Social clubs are not a new way to travel or mingle. Many cities around the world still have centuries-old membership clubs that cater to the upper echelons of society.
Clubs like Boodle’s and Brooks’s in London date back to the 1700s. Another, White’s, was founded in 1693 and counts Prince Charles and Prince William as members.
Not much is known about Boston’s Somerset Club apart from the widely circulated tale firefighters were asked to use a rear service entrance when a fire broke out in 1945 — members in the dining room shouldn’t be disturbed, the thinking went at the time.
But many social clubs lost their luster in the back half of the 20th century, as society generally became more inclusive and people increasingly turned to technology as a way to socialize.
But SoHo House was a different kind of club when it first arrived to London in 1995. Founder Nick Jones established the brand as one that catered its membership roster to a mix of people from creative industries like media and fashion rather than the titans of the financial or political spheres.
The idea paid off, as there are now 27 locations around the world in cities like Los Angeles and Mumbai. Future locations include Rome, Paris, and Austin, Texas.
Competitors are clearly taking note. Hotelier Andre Balazs announced plans last year to convert the Chateau Marmont in Los Angeles to a members-only model. More could be in the works, especially as the pandemic leaves more luxury travelers craving familiarity and less interaction with strangers.
The exclusive-use idea was beginning to pick up steam in other sectors of the hotel industry pre-pandemic, notably with hotel brands like St. Regis and Four Seasons beginning to build residential-only projects without an actual hotel component.
“There is something to be said for knowing people,” Balazs told the Wall Street Journal last year about the members-only model. “You can chat with them. You know where they have been.”
Exclusive Problems With Scalability
The pandemic may have been particularly brutal to hotel industry, but SoHo House also had its share of financial issues before the crisis. A high debt burden from ongoing expansion left the company with roughly $90 million in pre-tax losses in 2018 and roughly $107 million in 2019.
Scaling up exclusive brands can also lead to problems since they suddenly feel, well, less exclusive. Soul Cycle has notably struggled as it expanded to locations beyond Manhattan and suddenly faced competition from cheaper alternatives and the rise of Peloton.
SoHo House will face a similar competitive landscape in the future, as Balazs ramps up his own membership-only model and others also enter the fray like Zero Bond — a New York City social club that owner Scott Sartiano described as more community-based than SoHo House and had a bigger focus on racial diversity.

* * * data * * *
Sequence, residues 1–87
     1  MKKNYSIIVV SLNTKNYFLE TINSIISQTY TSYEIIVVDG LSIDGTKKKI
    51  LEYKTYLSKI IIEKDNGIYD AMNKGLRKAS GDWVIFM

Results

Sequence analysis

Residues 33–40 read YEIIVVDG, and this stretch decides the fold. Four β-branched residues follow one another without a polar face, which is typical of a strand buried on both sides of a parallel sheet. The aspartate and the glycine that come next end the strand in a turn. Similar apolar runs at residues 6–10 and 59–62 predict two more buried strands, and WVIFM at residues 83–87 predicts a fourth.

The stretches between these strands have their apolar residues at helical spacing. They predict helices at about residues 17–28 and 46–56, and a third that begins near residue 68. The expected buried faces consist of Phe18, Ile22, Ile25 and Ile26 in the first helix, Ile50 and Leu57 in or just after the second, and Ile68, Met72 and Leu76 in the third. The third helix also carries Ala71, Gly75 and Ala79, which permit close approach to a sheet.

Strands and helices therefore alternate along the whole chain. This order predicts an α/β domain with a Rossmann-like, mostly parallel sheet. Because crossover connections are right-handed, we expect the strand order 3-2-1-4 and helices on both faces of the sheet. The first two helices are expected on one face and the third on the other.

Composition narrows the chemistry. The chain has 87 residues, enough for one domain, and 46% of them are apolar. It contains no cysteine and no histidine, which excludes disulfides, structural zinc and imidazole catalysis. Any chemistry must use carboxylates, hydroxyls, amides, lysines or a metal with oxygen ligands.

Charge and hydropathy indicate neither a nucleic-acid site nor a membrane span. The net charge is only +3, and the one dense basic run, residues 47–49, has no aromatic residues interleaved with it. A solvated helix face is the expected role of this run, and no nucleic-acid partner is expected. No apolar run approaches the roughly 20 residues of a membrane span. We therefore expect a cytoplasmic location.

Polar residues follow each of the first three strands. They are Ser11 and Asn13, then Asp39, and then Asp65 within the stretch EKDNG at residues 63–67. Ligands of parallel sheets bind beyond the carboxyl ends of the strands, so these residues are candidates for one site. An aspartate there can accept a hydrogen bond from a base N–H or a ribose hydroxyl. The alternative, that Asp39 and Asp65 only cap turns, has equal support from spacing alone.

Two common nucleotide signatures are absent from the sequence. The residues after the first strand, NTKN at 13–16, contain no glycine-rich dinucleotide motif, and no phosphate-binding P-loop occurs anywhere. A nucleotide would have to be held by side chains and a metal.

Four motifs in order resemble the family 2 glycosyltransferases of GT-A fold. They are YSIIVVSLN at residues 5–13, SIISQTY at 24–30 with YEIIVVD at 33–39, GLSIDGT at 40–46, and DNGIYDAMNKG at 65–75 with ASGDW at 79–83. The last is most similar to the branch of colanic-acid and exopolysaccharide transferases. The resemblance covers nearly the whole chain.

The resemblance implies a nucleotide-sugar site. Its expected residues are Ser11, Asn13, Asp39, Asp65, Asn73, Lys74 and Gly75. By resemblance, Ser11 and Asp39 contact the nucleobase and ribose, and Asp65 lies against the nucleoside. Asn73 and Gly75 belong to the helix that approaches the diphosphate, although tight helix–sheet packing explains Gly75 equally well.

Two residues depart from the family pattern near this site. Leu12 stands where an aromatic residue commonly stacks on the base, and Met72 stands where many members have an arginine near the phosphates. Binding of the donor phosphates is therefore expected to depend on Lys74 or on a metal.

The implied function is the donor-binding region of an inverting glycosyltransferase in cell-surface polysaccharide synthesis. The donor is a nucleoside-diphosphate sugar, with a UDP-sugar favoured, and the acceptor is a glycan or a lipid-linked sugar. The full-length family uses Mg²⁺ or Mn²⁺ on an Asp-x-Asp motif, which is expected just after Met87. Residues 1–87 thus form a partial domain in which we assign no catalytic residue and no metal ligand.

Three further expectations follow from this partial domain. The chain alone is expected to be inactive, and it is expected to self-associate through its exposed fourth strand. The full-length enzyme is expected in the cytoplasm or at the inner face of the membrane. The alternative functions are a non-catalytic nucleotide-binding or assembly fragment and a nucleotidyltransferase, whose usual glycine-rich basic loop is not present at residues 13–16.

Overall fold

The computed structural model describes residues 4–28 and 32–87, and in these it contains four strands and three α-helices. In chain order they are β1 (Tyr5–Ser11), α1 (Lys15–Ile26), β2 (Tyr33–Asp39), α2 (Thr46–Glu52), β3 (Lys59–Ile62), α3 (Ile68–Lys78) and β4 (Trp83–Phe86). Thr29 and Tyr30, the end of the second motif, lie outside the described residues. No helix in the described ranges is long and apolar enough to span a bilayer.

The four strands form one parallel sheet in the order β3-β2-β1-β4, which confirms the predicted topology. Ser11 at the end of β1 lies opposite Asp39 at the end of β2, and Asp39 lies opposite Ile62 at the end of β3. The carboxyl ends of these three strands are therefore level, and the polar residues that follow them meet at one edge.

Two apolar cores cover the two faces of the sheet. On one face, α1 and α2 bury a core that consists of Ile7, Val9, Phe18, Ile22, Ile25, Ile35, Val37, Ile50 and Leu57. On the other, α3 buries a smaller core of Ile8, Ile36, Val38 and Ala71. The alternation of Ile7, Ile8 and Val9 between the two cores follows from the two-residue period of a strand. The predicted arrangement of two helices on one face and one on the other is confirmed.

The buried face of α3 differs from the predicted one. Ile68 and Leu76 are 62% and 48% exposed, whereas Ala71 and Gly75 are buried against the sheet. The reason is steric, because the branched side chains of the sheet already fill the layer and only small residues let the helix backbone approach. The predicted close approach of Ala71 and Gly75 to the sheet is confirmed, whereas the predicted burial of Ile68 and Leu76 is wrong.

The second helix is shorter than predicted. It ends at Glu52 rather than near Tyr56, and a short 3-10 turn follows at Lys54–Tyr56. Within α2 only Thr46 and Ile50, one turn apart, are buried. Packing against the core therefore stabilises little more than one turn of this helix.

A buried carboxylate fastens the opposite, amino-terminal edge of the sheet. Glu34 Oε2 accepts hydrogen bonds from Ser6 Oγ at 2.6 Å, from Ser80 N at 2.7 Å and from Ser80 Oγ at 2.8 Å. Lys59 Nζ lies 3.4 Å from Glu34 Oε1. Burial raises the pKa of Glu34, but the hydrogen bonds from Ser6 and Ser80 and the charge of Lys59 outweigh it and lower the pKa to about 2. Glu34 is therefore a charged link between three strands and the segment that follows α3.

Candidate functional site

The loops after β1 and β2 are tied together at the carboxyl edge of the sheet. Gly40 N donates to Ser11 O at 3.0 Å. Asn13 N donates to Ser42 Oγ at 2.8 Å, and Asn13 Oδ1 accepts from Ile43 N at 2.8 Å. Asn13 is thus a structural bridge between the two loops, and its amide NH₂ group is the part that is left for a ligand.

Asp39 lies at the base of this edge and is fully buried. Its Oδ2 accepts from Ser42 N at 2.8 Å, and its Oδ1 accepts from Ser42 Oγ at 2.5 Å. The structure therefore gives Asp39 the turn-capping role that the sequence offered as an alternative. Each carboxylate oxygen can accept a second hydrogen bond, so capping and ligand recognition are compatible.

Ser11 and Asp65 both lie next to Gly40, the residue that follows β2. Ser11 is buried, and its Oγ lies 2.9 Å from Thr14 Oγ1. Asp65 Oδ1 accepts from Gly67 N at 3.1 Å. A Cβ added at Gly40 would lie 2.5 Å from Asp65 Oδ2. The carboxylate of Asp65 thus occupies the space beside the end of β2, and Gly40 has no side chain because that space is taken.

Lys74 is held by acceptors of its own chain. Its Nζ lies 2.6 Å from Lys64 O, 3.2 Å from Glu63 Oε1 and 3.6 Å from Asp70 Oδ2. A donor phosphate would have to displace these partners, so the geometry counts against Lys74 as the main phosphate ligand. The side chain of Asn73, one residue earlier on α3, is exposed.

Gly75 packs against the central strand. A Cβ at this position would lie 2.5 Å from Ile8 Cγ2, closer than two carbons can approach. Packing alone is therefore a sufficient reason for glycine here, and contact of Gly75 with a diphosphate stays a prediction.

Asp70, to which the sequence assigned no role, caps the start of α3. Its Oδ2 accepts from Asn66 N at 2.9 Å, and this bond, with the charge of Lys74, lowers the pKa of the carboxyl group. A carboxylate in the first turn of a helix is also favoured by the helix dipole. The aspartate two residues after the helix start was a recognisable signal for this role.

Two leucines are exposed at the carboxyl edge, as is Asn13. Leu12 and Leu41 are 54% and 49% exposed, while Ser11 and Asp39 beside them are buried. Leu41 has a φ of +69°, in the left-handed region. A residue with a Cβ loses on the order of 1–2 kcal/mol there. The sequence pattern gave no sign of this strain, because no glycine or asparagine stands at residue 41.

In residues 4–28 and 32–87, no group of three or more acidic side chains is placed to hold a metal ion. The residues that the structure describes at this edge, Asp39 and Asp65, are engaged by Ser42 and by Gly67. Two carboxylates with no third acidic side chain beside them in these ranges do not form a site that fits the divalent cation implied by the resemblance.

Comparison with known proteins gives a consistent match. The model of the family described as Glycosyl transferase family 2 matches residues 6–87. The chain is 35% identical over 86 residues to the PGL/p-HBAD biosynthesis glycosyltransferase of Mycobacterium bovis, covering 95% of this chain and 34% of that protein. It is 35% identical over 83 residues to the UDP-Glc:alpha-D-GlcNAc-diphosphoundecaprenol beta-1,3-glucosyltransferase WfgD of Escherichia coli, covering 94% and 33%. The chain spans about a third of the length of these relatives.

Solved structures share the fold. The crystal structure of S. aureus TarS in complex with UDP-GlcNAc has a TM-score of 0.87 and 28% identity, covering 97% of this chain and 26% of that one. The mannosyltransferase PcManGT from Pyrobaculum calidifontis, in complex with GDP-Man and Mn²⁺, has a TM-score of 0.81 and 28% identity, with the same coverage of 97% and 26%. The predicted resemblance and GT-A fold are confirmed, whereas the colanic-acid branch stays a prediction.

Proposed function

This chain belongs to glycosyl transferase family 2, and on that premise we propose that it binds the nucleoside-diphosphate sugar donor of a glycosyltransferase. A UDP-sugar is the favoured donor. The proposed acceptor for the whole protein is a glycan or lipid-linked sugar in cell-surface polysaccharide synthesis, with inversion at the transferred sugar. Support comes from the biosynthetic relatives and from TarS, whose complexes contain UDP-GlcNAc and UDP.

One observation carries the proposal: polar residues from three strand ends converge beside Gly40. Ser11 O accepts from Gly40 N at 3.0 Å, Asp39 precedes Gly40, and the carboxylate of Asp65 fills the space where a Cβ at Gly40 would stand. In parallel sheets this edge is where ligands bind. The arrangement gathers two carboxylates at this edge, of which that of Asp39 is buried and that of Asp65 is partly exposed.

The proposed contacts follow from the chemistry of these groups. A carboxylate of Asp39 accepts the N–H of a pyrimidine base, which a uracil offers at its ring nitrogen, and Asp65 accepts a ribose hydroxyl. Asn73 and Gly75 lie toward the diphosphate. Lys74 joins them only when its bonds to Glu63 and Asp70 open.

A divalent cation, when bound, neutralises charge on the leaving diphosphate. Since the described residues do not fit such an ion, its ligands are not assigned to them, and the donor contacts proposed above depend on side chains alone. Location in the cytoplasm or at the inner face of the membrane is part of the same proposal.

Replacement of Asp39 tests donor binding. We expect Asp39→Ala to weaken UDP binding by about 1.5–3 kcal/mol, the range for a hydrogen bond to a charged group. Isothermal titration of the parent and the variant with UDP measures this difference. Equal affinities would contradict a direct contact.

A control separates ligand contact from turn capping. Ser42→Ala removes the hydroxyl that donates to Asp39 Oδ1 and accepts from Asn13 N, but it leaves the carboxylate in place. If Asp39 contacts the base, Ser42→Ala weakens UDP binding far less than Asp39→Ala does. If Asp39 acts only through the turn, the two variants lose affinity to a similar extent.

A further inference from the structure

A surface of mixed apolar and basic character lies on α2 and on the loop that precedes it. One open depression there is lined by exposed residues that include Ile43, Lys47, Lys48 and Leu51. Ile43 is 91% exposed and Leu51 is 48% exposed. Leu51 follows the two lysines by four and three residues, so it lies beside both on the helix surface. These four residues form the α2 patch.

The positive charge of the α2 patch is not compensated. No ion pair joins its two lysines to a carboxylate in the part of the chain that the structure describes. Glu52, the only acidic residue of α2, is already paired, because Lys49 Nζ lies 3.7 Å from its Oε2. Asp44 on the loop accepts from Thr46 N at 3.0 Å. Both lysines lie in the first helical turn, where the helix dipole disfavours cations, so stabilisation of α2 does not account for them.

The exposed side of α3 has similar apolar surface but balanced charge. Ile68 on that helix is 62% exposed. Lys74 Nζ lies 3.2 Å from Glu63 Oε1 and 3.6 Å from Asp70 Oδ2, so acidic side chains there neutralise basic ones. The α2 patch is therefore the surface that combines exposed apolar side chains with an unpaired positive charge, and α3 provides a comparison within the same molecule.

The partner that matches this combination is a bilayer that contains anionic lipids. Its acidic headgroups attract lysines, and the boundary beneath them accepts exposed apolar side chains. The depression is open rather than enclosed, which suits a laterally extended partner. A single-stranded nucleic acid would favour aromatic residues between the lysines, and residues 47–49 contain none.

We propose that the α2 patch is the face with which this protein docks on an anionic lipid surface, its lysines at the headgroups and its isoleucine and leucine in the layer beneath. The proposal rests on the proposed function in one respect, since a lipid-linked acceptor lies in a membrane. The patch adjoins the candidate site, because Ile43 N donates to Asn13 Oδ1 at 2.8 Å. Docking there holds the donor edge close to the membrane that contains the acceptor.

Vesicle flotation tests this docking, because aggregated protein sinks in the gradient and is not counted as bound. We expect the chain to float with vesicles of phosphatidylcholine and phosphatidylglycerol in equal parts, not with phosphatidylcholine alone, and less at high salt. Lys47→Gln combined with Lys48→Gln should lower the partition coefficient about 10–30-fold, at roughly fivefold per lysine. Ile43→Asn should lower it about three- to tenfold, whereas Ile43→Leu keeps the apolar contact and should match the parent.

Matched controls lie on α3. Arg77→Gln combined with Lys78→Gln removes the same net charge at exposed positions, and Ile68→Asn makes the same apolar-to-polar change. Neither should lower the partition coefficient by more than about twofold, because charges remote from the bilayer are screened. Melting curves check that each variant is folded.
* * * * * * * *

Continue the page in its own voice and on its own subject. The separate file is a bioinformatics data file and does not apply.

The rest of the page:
There is also the question of how many people in future SoHo House markets would go through the hassle of the application process and ensuing costs when there are cheaper alternatives for some of its offerings like coworking. Stellar service didn’t always go hand-in-hand with SoHo House’s exclusivity, Skift reported in 2018.
But SoHo House’s revenue breakdown also falls in line with where many of the world’s hotel CEOs expect the industry to trend in coming years. About half the company’s 2019 revenue stemmed from food and drink sales, which is basically what Accor leaders define as the financial make-up of a lifestyle hotel.
While not a membership club, Accor’s lifestyle hotels like the recently announced Maison Delano in Paris behave in similar ways as a SoHo House, Perez-Alvarado said. Room counts are smaller: the Parisian hotel only has 56 guest rooms.
These types of hotels, which largely cater to a local clientele, could make up as much as 20 percent of the world’s hotel supply in coming years, Accor CEO Sebastien Bazin said on an investor call earlier this month.
If that growth forecast pans out, SoHo House could see plenty of upside. But analysts caution growth needs to be smart and selective.
“If you’re catering to the same client and basically following their walking or flying path, I think you’ll be absolutely fine in terms of growing globally,” Perez-Alvarado said. “But yeah, I would not put 10 SoHo Houses in New York City. I think that would destroy it.”
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Photo credit: SoHo House is taking a second crack at taking its members-only social clubs (pictured: the SoHo House Istanbul) public on the stock exchange. Ben Terrett / Flickr